12 Aug 2011

Female Aggression and The London Riots

"It's a shame when women copy men's behaviour no matter how stupid it is."
Skin, singer from Skunk Anansie, 1997

Although the above comment was aimed at the 'ladette' culture of the 90s, and the supposed female empowerment chanted about by the Spice Girls, I think it holds more water than ever today, as we witness the likes of this story emerging in the wake of the London riots.

The story is depressing, it's squalid, it's becoming increasingly familiar. Previously pleasant, bright young person with high hopes for the future descends into violence, vandalism and cruelty that would shame even our primate cousins. Is it any worse because the perpetrator is female? Do we 'expect better' from our daughters than our sons, dismissing the latter as hard-wired for moronic acts of aggression, but assuming the former will display common sense when the chips are down? It's hard to know what to think of humanity in general after what has been witnessed in Britain's cities this week, let alone deconstruct how gender comes into things. Perhaps girls are, in very general terms, less aggressive, less impulsive and less likely to resort to violence. However, some girls are clearly just as capable of picking up a brick, joining the melee, and indulging in a spot of looting, and are as ready as their male counterparts to turn violently on anyone attempting to stop them. They're not the majority of the rioters - men are - and they're not the majority of girls - is any particular group? - but they're out there, reminding us that the 'gentler sex' is just as capable of behaving with mindless aggression as its hairier, nastier opposite.

Still, it's interesting the way blame for the riots has still, in some quarters of the UK news media, found its way to the feet of women; albeit in a roundabout way. If there was a drinking game that involved slugging a shot of whiskey every time a commentator on the riots mentioned 'broken homes' as a factor in the violence, I think my liver would have shut down long ago. If I took a drink every time single parents were mentioned in a similar vein, I might not quite be hooked up to a drip in hospital, but I'd at least be at the point of wearing my underwear on my head and singing 'Step Back In Time'. Although I've not actually heard anyone brave enough to say what they really mean by 'single parents' - and we all know that's 'single mothers' - the frequent references to 'fatherless families' and 'lack of male role models' say as much as you need to know about the views taken by the powers that be of lone mothers' capabilities to raise respectful, trustworthy, law-abiding children. Yes, the use of those terms implies there is also blame for runaway fathers - and perhaps blame as well for fathers who are around but drink, hit, molest or sponge off their loved ones, thereby providing terrible role models for their children. However, if we consider that 90% of single-parent families are headed by women, then to blame them for producing 'feral' youths, is to effectively say that women alone make crap parents, and that the introduction of a man into their family unit would somehow be the solution to all their problems.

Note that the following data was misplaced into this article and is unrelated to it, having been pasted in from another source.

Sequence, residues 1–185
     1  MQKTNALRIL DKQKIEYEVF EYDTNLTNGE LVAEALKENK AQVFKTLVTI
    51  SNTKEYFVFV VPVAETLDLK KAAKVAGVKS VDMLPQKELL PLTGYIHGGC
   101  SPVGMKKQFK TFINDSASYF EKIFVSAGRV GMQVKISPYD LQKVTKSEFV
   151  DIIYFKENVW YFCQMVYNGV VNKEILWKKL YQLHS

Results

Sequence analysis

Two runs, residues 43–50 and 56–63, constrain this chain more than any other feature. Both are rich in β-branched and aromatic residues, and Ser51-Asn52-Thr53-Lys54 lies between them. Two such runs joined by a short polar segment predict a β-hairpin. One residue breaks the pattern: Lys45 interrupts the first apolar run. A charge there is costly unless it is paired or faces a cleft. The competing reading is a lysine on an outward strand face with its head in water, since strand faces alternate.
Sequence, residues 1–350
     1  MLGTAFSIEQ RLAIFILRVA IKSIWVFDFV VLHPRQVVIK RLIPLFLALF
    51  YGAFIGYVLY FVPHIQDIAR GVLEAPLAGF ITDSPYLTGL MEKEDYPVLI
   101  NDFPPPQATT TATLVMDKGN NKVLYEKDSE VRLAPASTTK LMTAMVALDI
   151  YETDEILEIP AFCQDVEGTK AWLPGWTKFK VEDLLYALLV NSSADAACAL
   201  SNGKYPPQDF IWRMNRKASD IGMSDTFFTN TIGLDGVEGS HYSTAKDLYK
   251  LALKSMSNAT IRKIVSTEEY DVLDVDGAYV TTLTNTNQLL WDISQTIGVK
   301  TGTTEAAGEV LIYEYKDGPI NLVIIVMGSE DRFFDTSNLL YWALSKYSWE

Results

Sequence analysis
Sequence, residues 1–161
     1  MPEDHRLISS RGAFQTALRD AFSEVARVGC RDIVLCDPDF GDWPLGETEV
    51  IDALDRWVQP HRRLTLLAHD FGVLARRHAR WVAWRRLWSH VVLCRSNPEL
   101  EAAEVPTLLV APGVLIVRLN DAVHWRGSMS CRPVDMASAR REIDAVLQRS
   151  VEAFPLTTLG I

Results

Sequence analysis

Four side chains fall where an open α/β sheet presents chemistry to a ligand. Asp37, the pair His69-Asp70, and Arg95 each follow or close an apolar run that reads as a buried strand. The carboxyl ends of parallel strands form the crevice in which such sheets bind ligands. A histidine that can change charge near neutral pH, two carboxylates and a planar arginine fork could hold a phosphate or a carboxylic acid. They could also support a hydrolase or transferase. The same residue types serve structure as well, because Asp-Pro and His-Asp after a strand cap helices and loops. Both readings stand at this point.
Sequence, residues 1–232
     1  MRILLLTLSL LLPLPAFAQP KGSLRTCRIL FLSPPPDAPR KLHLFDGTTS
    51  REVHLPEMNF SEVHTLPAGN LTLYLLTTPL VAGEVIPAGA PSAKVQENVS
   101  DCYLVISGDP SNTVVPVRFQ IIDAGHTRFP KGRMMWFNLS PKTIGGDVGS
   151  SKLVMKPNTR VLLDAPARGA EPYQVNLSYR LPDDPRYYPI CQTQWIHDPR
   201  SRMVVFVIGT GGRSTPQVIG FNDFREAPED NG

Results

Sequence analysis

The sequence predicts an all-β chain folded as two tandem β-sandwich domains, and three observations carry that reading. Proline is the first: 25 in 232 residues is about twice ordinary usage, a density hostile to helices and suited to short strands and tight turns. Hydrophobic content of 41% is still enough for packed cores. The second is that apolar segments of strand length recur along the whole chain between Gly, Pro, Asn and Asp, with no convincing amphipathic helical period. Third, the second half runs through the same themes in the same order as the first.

I don't think I need to start a run-down of all the ways in which the 'nuclear family' has often been a far more corrosive and unhealthy place for children than many alternative family set-ups. However, if evidence were needed that you can end up an ignorant, violent twat whether you've got two parents or one struggling mum at home, then let's look back at the story of Chelsea Ives. It was her own mother who saw her daughter's image on TV in footage of the riots, and shopped her to the police. Is Chelsea the victim, not just of lousy parenting by a single mother, but also by a cruel matriarch who compounded her 'alienation' by handing her over to the authorities? Doesn't really look that way. Vivienne Ives was watching the footage with her husband, Chelsea's father. Their daughter was a 'promising athlete and Olympic ambassador'. Could we get any further away from the stereotype of the angry, rootless drop-out who bursts out of their 'broken home' in rage and flings their tracksuited body at the first shop window they see? Actually, yes. I was dismayed but not surprised to read yesterday about another female rioter, Laura Johnson, who appeared in court yesterday. Ms Johnson is an undergraduate at Exeter University, the daughter of a company director, and the product of a high-ranking grammar school. Oh, David Cameron - please worm your way out of that one and explain to me exactly how having happily married parents, GCSEs and A Levels to your name, and a tennis court in the back garden insures against a tendency toward naked greed and gleeful destruction.

As we're starting to see, caricaturing the rioters and simplifying the causes of their actions doesn't help anyone. Plenty of people were out there, male and female, upper, middle and working-classes, black, white, Asian, mostly making humongous arses of themselves. There were also plenty of members of each group conducting themselves with immense dignity, be it Tariq Jahan responding to his son's needless death with a call for peace, or those who volunteered their time and energy to clean up the aftermath. The government will point fingers at whoever is a most convenient sitting duck, but whether they point at a nice well-heeled couple from Surrey, or a downtrodden single mother on benefits from Peckham, they're conveniently ignoring where so much of the blame lies. But I guess pointing the finger at themselves is not what politicians are known for.

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